48 year old Hachaouen rests on a hammock at Wat Ekonsai, in Siem Reap.
Hachaouen has been a monk for two years and travels to different pagoda’s (wats) to study the Buddhist teachings known as Dharmas. His face lights up as he talks of spending time at Angkor Wat, a sacred pilgrimage for many Cambodian Buddhists, despite originally being a Hindu temple.
Buddhism has existed in Cambodia at least since the 5th century and is practiced by 95% of the population. There are numerous Buddhist festivals throughout the year including Pchum Ben, when people visit pagodas and remember loved ones.
In Cambodia, almost every village has a Wat, the spiritual centre of the village where several monks reside. In Siem Reap, as with many towns, there are numerous Wats, all with their own character and beautifully decorated temples and statues. Wats are wonderful places to calmly spend some time, away from the hustle and bustle of the world outside, a sanctuary. These places are also places of study, of Buddhist teaching and all sorts of worldly subjects. You often find monks going from one wat to another for various classes.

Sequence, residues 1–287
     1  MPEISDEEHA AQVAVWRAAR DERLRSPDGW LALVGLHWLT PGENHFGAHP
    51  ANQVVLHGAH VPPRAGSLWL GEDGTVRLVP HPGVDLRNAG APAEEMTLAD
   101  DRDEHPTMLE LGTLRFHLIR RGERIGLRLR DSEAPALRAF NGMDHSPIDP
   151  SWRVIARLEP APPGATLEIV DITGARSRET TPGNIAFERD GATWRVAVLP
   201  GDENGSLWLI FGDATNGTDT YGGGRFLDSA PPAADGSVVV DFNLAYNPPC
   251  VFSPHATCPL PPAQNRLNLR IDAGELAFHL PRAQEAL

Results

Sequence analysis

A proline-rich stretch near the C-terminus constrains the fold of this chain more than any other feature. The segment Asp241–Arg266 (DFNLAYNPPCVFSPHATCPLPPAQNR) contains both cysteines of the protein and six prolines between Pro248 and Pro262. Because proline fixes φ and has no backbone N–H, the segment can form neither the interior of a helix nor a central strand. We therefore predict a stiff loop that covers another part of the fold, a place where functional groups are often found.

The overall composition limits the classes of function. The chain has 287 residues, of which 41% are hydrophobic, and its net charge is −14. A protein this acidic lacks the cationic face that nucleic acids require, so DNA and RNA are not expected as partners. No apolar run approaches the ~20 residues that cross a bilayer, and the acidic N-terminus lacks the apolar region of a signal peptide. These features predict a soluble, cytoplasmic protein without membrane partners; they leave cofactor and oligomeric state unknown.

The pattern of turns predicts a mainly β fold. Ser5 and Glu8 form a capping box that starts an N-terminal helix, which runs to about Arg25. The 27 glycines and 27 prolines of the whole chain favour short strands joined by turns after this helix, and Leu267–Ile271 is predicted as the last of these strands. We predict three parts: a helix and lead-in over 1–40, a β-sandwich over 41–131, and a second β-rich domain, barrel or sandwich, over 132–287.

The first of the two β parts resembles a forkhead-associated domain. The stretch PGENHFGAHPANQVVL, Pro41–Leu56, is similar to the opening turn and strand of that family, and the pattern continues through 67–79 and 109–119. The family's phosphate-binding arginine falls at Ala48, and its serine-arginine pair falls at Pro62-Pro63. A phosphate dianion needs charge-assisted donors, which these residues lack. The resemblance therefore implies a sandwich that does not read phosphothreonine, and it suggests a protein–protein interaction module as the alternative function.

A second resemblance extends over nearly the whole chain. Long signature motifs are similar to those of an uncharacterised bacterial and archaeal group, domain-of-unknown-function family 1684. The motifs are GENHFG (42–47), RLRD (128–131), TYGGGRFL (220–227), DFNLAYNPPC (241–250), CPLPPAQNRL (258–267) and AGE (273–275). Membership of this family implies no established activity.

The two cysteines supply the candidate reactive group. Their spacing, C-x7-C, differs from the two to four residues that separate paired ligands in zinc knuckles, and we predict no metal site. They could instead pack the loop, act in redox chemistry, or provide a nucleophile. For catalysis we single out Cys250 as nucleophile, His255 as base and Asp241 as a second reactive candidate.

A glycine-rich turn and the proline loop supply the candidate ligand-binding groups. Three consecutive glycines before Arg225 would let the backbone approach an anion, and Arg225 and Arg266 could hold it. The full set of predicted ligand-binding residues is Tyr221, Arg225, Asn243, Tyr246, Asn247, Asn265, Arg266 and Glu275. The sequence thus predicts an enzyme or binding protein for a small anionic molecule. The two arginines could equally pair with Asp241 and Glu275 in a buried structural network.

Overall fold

While Cambodia has no welfare system and little state support for the poorest people, becoming a monk often provides an opportunity not only to learn the teachings of Buddhism but also a way to become educated. From my personal experiences of visiting wats all over the country, these spiritual sanctuaries not only provide a place for people to live and study but also a refuge.
This portrait was made with the kind support of Caspar Chater. To pledge a portrait, visit the support page.